masthead-highres

Saturday, May 14, 2005

Be Fair to New York Plan

A Democratic Congressman is following Dan Rostenkowski's advice and proposing a Social Security rescue plan.

The Congressman is Robert Wexler, who represents the 19th District of Florida, containing parts of Palm Beach and Broward counties. According to the Population Research Center, Palm Beach County has on a percentage basis more residents over 64, 23.2%, than any other county in America. Broward County is fifth, with 16.1% of its residents over 64.

So I guess it isn't hard to figure out why Rep. Wexler is interested in Social Security, and apparently isn't buying into the "Social Security isn't in crisis" rhetoric so popular among other liberals.

It might also lead you to think Wexler might be tempted to avoid proposals suggesting reductions in future Social Security benefit increases, and grasp instead for tax increases on the non-retired.

In this supposition, you would not be surprised.

Wexler's plan consists of a tax increase for workers earning over $90,000 per year. Specifically, Wexler would have the government take 3 percent of income over $90,000 directly from the employee and "tax the employer" 3 percent of the employee's earnings over $90,000.

Other merits of the plan (if any) notwithstanding, so-called "taxes on the employer" are a scam. It is a trick played by the government on the people. Employers hire an employee only if they believe that employee's workplace contribution is worth what it costs to pay him. Whether the employer pays the employee first, and then the government takes the money, or the government takes the money before the employee even sees it, doesn't matter much to the employer. Money is money. But many employees think their taxes are less because they never see the money they earn that is paid to the government directly in so-called "employer's" taxes.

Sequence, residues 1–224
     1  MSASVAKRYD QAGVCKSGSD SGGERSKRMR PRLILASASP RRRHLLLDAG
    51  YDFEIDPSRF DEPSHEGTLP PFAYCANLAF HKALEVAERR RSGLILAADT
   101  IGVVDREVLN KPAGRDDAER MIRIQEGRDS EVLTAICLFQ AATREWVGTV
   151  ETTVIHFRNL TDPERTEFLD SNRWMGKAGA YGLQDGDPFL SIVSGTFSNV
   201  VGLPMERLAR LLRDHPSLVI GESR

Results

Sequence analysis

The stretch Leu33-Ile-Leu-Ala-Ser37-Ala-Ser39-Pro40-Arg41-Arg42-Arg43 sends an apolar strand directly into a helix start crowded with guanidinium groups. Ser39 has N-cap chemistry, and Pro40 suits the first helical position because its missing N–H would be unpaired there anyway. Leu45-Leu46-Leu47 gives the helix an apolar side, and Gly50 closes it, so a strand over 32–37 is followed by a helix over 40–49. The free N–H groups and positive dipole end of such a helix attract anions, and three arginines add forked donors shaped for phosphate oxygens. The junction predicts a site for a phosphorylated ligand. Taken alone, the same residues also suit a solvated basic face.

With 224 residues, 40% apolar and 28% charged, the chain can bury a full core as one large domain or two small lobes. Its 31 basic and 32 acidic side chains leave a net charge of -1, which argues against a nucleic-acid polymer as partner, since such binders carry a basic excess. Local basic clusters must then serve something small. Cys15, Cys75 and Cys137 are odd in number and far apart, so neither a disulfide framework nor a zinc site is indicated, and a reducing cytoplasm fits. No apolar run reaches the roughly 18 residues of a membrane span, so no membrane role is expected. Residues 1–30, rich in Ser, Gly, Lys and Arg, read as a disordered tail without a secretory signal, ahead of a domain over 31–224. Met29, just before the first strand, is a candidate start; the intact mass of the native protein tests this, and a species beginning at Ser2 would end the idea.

As I said, a government trick designed to deceive taxpayers.

(Next time you visit the website of a liberal "ethics in government" group, see if they have any documents advocating elimination of deceitful "tax on employer' scams. If you find any, email me, please.)

While I'm on the topic of unfairness, here's another thing I think is unfair: The value of a dollar is not the same everywhere in America. $90,000 does not go very far in Manhattan, compared to how far it goes in Kansas (and pretty much everywhere else). So Congressman Wexler's proposal, generally speaking, would hit Manhattanites harder than nearly every other American.

I'm not a New Yorker, never have been a New Yorker, and probably will go to my grave never having lived in New York, so I have no conflict of interest when I ask you, dear readers: Is this fair to New Yorkers?

So with all due respect to Rep. Wexler, who at least -- nearly alone among national Democrats -- is willing to offer suggestions for solving the Social Security crisis, I suggest the rest of America stand shoulder-to-shoulder with New York and tell Rep. Wexler: Thanks -- but no thanks.

Instead, let's be fair. Let's enact a flat rate federal income tax and solve the Social Security crisis with personal retirement accounts.

We could call it the "Be Fair to New York Plan." I presume Hillary will love it.

Posted by Amy Ridenour at 10:22 PM

Copyright The National Center for Public Policy Research